The following morning it was still raining. The only way we could obtain a weather forecast for our trip home was either an expensive and possibly abortive taxi journey to the airfield or an equally expensive phone call to private aviation weather forecasting company in the UK.

We chose the company. The forecaster was a helpful character, who warned us of dire consequences if we should venture home that day, or even for the next four days! However, he stared a little harder into his crystal ball and advised us there might, just might be a small window of reasonable weather for about three hours if we left at first light, say about 5:00am the next day. Helpful.

Vivienne and Stuart at Swiss Fly-In 2000

Whilst we pondered on the situation and took comfort in the surroundings of our hotel, momentarily feeling pleased that we did not have to sit out this weather out in a small tent, unlike David and Sheila. There appeared to be an easing of the rain and the sky began to lose its leaden colour. Remembering that piece of weather folklore 'rain before seven, dry before eleven' we waited and, sure enough, just after eleven the rain stopped and the low cloud began to lift.

We decided to check out of the hotel and get back to the airport. Again the CFI at the club proved what a great fellowship there is in aviation by allowing us full use of the facilities for obtaining en route forecasts. It was much more promising that our over-priced prophet of doom forecaster from the UK had predicted, and we able to fly home, only having to skirt around a large weather cell some 15 miles out from our home base.

Our experience of VFR flying in Europe and the UK tells us you can never rely on the weather to remain stable for very long, you can expect to encounter some marginal if not un-flyable weather if you go any distance. On the other hand, you get to experience flying in very different environments. You leave one country with its own particular language challenges and can land in another with a whole new linguistic challenge to be encountered. It makes you appreciate how fortunate it is to be an English-speaking pilot. Some countries in Europe can be very bureaucratic, particularly over homebuilt aircraft. In certain countries it is necessary to obtain written permission before you may fly in their airspace.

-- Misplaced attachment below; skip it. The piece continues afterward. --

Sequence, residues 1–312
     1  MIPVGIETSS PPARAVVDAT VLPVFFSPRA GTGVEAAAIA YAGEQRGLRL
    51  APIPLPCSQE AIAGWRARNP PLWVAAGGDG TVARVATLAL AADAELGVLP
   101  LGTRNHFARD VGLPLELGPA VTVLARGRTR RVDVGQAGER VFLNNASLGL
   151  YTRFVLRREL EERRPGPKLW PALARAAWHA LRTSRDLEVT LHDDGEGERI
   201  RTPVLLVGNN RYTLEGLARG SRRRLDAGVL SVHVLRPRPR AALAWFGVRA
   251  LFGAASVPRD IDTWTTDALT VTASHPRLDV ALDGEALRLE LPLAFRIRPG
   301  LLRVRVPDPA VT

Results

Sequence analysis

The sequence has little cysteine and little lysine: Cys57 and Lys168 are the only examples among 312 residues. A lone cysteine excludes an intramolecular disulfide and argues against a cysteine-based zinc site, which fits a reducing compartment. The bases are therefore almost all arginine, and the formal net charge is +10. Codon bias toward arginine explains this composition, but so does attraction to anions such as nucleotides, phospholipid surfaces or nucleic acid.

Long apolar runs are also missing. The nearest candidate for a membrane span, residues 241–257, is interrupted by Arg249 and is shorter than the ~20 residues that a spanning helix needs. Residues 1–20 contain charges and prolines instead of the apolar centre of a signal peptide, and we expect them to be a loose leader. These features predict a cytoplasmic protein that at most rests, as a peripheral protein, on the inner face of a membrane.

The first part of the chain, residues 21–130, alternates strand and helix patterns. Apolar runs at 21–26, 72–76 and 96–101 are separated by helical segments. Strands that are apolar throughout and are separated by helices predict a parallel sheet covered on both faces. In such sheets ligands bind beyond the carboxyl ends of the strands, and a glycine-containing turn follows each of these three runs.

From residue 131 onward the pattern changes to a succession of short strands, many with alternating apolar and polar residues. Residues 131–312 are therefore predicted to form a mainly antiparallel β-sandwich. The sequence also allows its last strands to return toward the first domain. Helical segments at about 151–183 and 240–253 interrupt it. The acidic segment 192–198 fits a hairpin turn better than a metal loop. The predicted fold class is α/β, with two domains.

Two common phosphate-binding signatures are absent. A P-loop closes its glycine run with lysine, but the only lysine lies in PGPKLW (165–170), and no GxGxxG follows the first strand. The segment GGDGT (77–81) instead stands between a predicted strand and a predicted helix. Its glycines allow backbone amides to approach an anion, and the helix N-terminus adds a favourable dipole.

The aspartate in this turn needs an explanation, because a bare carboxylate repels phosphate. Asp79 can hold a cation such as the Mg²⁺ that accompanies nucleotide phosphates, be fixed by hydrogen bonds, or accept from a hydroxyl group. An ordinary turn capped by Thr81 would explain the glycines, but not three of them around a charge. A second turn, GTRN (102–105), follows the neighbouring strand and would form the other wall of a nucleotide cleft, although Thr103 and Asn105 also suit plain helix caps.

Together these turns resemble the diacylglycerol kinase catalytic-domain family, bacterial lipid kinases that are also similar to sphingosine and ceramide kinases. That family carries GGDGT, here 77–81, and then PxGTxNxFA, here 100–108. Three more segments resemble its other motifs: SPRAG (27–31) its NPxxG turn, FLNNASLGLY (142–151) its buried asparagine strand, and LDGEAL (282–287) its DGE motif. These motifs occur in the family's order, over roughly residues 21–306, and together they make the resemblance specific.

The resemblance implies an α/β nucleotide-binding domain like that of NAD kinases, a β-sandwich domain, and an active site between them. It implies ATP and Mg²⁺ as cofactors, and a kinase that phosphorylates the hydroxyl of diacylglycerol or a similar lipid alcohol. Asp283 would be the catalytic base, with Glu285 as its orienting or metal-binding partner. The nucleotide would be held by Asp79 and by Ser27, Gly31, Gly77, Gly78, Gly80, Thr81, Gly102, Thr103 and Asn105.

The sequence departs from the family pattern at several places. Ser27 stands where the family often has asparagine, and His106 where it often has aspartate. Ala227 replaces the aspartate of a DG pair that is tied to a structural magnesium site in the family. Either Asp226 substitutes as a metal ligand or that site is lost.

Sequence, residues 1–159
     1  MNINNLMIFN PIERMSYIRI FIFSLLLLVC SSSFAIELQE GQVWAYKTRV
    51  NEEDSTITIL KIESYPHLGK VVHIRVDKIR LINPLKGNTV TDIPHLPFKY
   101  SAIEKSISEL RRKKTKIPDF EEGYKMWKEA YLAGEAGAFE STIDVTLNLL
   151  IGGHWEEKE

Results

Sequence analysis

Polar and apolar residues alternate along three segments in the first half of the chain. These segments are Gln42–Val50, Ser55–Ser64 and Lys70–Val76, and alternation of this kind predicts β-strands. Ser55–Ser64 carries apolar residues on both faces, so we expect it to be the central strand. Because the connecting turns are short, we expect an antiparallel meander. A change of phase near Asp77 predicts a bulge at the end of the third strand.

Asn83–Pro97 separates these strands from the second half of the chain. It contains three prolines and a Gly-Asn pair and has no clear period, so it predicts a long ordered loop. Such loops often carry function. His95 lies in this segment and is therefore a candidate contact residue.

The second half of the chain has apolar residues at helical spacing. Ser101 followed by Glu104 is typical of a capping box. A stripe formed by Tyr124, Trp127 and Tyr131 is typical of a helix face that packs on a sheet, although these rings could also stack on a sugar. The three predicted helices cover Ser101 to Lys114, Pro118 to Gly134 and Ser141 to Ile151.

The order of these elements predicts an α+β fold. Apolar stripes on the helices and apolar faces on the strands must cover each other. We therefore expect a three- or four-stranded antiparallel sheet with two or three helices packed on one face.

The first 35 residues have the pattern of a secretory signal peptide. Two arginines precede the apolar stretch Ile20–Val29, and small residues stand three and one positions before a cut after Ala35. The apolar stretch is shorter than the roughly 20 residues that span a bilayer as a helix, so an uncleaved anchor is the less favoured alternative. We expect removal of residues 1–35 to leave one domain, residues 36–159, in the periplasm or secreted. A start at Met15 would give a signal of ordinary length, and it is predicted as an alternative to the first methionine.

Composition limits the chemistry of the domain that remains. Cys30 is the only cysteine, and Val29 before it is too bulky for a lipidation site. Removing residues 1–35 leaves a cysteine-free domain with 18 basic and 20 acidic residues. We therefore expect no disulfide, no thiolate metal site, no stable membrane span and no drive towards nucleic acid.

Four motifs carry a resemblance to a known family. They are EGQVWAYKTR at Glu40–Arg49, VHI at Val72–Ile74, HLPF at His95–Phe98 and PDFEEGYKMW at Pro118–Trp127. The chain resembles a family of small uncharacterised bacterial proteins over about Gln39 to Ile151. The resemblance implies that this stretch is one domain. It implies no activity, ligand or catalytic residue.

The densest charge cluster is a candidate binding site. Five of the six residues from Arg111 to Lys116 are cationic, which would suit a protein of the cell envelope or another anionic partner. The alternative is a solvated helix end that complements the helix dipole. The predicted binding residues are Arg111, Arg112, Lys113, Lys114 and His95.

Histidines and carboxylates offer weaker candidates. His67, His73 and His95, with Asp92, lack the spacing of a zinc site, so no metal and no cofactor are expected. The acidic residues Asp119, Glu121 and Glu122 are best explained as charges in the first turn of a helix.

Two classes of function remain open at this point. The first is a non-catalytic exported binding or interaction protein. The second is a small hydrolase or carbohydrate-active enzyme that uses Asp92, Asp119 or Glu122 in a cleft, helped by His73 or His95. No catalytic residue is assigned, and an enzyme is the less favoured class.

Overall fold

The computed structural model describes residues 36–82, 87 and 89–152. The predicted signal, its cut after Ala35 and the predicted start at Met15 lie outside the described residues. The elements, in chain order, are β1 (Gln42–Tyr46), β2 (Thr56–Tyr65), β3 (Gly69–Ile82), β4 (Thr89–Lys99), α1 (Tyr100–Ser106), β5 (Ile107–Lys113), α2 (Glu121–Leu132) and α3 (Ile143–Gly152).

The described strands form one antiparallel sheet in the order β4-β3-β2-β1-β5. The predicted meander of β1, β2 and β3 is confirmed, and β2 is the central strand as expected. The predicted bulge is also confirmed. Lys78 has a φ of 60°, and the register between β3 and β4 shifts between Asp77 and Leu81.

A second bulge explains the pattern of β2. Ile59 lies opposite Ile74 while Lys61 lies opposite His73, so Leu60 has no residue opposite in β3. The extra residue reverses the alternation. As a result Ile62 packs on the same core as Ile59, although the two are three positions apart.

Line up of Falcos at Schaffen-Diest: Belgium 2000. Homebuilts and factory versions.
At one time there were 12 Falcos in the line up.

Invariably the individuals you meet at the foreign fields are most welcoming and like the look of the Falco. The airplane is much admired in Europe. Amongst some of the trophies we have won is a saw, because the Falco was constructed from wood. That was from a Swedish fly-in where the organizers attempted to find an appropriate prize for each type of aircraft.

In Switzerland two years ago, we were presented with two Pilatus Turbo prop control columns each mounted in a solid billet of aluminium, far too difficult to adapt for use in the Falco. They were so heavy we had to ask a couple of English spotters if they would take them home for us by car. At the same time, we received a watch that had no numbers, only a picture of the Matterhorn mountain.

That led to such comments when asked the time as, 'half-past Matterhorn' or 'it's peak time' and so on. Last year we received two original cartoon drawings of our Falco for best homebuilt and longest distance flown, expertly drawn by a local Swiss pilot. The pilot and passenger look like two monkeys. I hope that was no reflection on our flying skills! There have been other prizes won by our aircraft, which has caused one or two of our flying friends to ask, with tongue in cheek, if we have now got a trophy cabinet.

We have both had a lot of fun flying in the Falco and hope to continue to do so for long in to the future. Talking of the future, we hope to fly to Italy again this Easter holiday, but this time to Florence. And in the summer holidays Portugal is beckoning, weather permitting, as always.

Swiss Fly-In 2000. Looking at watch awarded for longest distance flown -- 600 nautical miles.